Inquisitive muggles are one of the hazards of geocaching. In some instances, it can be a case of curiosity killed the cache, as intrigued muggles investigate just what you’re doing lying on the ground looking under a bench. Here are my top tips to engaging your stealth mode!
1. Try not to look like you’re trying not to look suspicious
The more you try not to look suspicious, the more suspicious you definitely will look. In fact, you should carry yourself with an air of ‘I’m supposed to be here, rummaging around in this tree.’ Be confident.
If anyone passes by and looks at you in a confused or alarmed way, just smile and say hello. They’ll be gone in minutes and won’t even remember you by tomorrow.
2. Become more visible to heighten your invisibility
Must-have items for your geocaching kit: a hi-vis jacket and a clipboard! Someone has to inspect the underside of a bridge over a stream, how does the muggle know you’re not that someone? If you look official, people are less likely to worry about what you’re doing. Again, confidence is key. Own it!
3. Embrace your inner photographer
You don’t necessarily need a fancy camera, your smartphone will do. Who knows, you might just improve your photography skills by taking endless pictures of trees/benches/railings. Play the tourist. Nobody will blink an eye.
4. Phone a Friend
If there’s a muggle at GZ, and it looks like they might stay there for a while, you’ll need to kill some time before starting your search. Just hanging about staring them down is probably not the stealthiest idea, so why not call a friend to waste a few minutes while looking not quite so conspicuous?
5. Bring or borrow a dog
Dogs love to sniff EVERYTHING. When you want to go for a fast-paced walk, this can be quite annoying but when you need to loiter at one particular tree for a while, this can come in quite handy.
I find walking a dog particularly good cover when I’m caching on my own. Plus, the geohound gets to go for a walk. Win-win.
6. Make it a Family Affair
Kids are also great cover when caching, as a lot of them like to climb over and under and all over stuff. An adult climbing a tree in the forest alone? Weird. A kid climbing a tree under the watchful eye of an adult? Nothing to see here.
If you don’t have any kids of your own, offer to babysit for friends and family. Great geo-cover and you’ll earn brownie points.
7. Be friendly
If someone is sitting on the bench that you need to inspect, sit beside them. Nine times out of ten, the muggle will leave, especially if there were five other benches you could have sat on. Stranger danger is not just a mantra for kids. Don’t get too weird and sit too close, though. Don’t be that person.
8. Get your story straight
If a police officer, security guard, coastguard or someone otherwise official, asks what you’re doing, tell the truth. Seriously, it is unlikely to end well unless you tell them what you’re really doing.
If someone else asks you what you’re doing, you can tell them the truth too, but you don’t have to tell the whole truth. Often times, when I have explained exactly what I was doing, I’ve just made people even more suspicious as they can’t grasp the concept of geocaching. One taxi driver told me to ‘get a hobby.’ My response? This IS my hobby. Sometimes, omitting the word ‘geocaching’ and just using ‘treasure hunt’ is easier for people to comprehend.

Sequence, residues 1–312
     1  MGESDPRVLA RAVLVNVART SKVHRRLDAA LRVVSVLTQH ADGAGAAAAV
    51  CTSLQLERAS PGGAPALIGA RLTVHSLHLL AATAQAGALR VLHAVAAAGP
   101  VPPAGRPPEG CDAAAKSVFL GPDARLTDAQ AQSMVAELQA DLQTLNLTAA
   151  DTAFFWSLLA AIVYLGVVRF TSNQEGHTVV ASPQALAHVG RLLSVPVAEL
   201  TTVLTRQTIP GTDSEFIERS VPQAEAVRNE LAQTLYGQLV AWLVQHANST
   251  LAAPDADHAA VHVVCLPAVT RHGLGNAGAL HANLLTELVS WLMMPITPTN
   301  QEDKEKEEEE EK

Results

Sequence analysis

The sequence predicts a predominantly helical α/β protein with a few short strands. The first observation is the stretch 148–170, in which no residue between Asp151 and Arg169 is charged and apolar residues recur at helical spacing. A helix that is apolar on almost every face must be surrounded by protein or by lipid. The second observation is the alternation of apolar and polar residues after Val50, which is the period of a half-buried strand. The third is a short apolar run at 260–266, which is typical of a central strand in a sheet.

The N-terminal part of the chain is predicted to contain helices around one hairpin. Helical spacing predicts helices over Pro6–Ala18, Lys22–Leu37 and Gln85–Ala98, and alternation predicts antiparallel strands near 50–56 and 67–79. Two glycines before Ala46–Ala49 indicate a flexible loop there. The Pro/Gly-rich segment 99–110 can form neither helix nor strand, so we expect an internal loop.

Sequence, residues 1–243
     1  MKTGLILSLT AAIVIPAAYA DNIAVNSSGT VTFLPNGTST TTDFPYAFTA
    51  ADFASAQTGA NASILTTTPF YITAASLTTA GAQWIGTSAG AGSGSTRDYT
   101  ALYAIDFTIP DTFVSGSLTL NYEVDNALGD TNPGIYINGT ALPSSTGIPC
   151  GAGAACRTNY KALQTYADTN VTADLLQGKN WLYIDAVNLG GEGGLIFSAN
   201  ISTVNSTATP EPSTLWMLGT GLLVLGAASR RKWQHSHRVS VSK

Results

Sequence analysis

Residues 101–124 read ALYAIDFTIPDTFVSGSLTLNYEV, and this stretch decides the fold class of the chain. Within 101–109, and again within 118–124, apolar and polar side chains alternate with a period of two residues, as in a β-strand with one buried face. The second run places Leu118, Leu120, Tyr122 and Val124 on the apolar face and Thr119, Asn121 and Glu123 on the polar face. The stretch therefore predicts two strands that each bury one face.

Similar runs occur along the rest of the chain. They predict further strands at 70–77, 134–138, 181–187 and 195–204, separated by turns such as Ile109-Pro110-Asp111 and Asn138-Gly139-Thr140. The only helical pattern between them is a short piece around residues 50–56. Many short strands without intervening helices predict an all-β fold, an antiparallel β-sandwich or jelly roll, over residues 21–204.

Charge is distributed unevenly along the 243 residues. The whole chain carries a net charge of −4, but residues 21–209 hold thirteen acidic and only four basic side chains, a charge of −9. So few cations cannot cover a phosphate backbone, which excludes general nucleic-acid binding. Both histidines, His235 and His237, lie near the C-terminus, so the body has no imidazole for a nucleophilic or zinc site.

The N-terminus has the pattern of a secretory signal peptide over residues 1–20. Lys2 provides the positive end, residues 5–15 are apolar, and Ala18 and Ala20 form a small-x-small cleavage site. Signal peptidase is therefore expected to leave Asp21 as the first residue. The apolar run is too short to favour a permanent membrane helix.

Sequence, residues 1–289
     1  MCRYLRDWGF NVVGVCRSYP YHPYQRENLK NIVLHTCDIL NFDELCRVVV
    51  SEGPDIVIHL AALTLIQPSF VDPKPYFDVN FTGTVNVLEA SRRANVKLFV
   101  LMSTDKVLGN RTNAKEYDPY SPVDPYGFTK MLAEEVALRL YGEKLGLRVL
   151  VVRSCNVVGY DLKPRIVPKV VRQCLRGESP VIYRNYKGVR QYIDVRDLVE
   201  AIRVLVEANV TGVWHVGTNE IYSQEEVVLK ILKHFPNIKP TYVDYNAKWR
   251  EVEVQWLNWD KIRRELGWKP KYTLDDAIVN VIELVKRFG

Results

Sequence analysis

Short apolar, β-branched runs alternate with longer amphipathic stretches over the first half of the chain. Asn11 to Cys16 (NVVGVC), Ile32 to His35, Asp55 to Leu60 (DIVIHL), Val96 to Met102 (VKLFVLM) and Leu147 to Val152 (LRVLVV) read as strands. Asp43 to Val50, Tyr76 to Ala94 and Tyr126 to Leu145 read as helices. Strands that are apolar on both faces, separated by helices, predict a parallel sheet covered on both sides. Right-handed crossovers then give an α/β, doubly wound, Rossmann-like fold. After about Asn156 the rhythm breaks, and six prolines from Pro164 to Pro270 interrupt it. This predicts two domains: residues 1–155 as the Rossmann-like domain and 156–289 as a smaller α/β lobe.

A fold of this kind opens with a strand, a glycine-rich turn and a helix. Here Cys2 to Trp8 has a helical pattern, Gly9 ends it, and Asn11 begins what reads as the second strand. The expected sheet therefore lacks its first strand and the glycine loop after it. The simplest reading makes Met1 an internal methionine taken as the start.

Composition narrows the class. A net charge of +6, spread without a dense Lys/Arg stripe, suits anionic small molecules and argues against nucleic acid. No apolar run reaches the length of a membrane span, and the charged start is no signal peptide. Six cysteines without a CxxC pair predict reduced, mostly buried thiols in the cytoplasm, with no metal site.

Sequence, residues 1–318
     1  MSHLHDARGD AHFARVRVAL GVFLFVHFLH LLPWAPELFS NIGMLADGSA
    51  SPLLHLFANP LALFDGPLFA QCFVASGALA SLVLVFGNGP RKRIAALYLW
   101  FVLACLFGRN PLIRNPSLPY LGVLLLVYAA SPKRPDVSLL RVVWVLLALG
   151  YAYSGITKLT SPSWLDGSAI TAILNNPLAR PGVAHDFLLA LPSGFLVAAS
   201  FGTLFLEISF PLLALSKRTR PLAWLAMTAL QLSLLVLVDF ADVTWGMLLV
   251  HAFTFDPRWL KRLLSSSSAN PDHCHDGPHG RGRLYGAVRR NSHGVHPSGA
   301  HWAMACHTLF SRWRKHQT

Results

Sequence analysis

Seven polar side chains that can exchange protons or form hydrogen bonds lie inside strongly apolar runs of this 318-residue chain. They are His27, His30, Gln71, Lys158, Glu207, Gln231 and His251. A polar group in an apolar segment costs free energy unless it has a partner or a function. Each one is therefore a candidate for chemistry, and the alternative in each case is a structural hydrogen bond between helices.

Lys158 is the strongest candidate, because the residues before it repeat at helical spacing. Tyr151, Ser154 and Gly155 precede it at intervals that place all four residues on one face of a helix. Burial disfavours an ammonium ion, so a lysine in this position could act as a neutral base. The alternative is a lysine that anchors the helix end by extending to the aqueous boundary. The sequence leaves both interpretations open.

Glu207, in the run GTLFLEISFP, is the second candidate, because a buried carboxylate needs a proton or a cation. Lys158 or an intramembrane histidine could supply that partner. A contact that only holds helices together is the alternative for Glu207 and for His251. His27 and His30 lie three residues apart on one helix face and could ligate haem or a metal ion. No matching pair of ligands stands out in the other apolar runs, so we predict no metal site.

If you think telling the muggle exactly what you’re doing might compromise the cache, you can just say you’ve lost something. The_Mother and I were once asked by a group of kids what we were doing in a park in the trees, so we decided to simply say we had lost the dog’s ball – just in case they got too curious and took the cache if we explained geocaching or even mentioned treasure hunting. Make a judgement call each time but don’t get too creative with your story.
9. Know when to cut your losses
Sometimes, you just have to let the smiley go and call it a day. If you’re hanging around for too long waiting for the opportune moment, and muggles just don’t look likely to budge, you may need to move on. If you can, go to the next one and come back. If not, it’s not the end of the world!
What are your tips for ultimate stealth? Let me know in the comments!
Happy caching and stay stealthy 😉
© 2016 | Sarah Murphy | All Rights Reserved
10 thoughts on “9 Geocaching Stealth Tips | The Geocaching Junkie”
Great cover in Ireland is the trusty umbrella – hides a multitude of sins.
Good one 🙂
Don’t forget to tie your laces before a day out..it’s surprising how often you have to tie them…:))
Even when you don’t have any laces on your shoes!!
The keys seem to drop an awful lot 😉
Clumsy, I get ya 😉
I flipping love your wee Irish Event Calendar – just noticed it while reading this blog. Not much else to add, a dog (or two) works wonders as you suggested, additional tip – stick a poop bag in your hand while searching for ground level caches – no one will give you a second glance. Strategic parking of your vehicle can also maximise cover when searching for park & grabs.
I wear earings and I quote often loose them… In my pocket. If people help me to find do it out, I throw it on the ground to go down it or let them find it. Happy end for them!
I use sometimes the ” reported missing to an appointment ”. I put my phone on lure and fake talking with sadness, anger or patiency. Works well too !
And, as I was in a park poking tree bark, I felt suspicious after the same muggle turned around me three times. I ended hugging trees and rumbling ununderstandable this… I may have looked crazy but no more suspicious! 🙂
Crazy usually scares pesky Muggles away!!
I once was doing a search on a college campus that specialized in outdoor careers (tree cutting, drilling, fish and wildlife, etc.) and I’m in my low 20’s so I threw on an orange reflective shirt (a VERY common sight wandering the grounds) and a backpack over my shoulder and no one even gave me a second look!